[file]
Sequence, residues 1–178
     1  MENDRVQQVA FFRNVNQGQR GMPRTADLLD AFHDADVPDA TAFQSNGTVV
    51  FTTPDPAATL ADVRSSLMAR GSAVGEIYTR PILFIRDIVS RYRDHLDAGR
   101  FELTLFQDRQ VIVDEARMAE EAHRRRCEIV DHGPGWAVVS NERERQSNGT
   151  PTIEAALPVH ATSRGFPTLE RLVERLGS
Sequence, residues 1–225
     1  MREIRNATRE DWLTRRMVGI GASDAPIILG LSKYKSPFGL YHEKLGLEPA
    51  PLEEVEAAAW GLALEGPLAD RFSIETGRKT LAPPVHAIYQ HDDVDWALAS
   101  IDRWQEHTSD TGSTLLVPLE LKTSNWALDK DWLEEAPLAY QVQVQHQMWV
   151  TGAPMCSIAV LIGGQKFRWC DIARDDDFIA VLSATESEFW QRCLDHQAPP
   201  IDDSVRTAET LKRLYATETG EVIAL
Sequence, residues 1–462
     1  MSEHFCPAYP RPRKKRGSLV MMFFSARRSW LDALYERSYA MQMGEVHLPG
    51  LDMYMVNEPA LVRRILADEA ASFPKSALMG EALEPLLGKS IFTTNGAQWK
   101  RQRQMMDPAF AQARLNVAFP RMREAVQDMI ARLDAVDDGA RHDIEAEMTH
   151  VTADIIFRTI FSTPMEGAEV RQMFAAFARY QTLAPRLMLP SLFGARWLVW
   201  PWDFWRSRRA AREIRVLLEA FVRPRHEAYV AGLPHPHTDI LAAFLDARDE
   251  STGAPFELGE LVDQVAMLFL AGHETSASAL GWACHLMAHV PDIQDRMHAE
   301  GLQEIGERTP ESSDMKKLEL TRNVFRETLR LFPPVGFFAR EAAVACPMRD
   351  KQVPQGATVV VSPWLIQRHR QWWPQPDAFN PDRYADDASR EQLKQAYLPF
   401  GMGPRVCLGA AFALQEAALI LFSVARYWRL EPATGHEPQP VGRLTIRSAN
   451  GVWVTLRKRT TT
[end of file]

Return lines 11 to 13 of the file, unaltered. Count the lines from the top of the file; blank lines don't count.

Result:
   201  IDDSVRTAET LKRLYATETG EVIAL
Sequence, residues 1–462
     1  MSEHFCPAYP RPRKKRGSLV MMFFSARRSW LDALYERSYA MQMGEVHLPG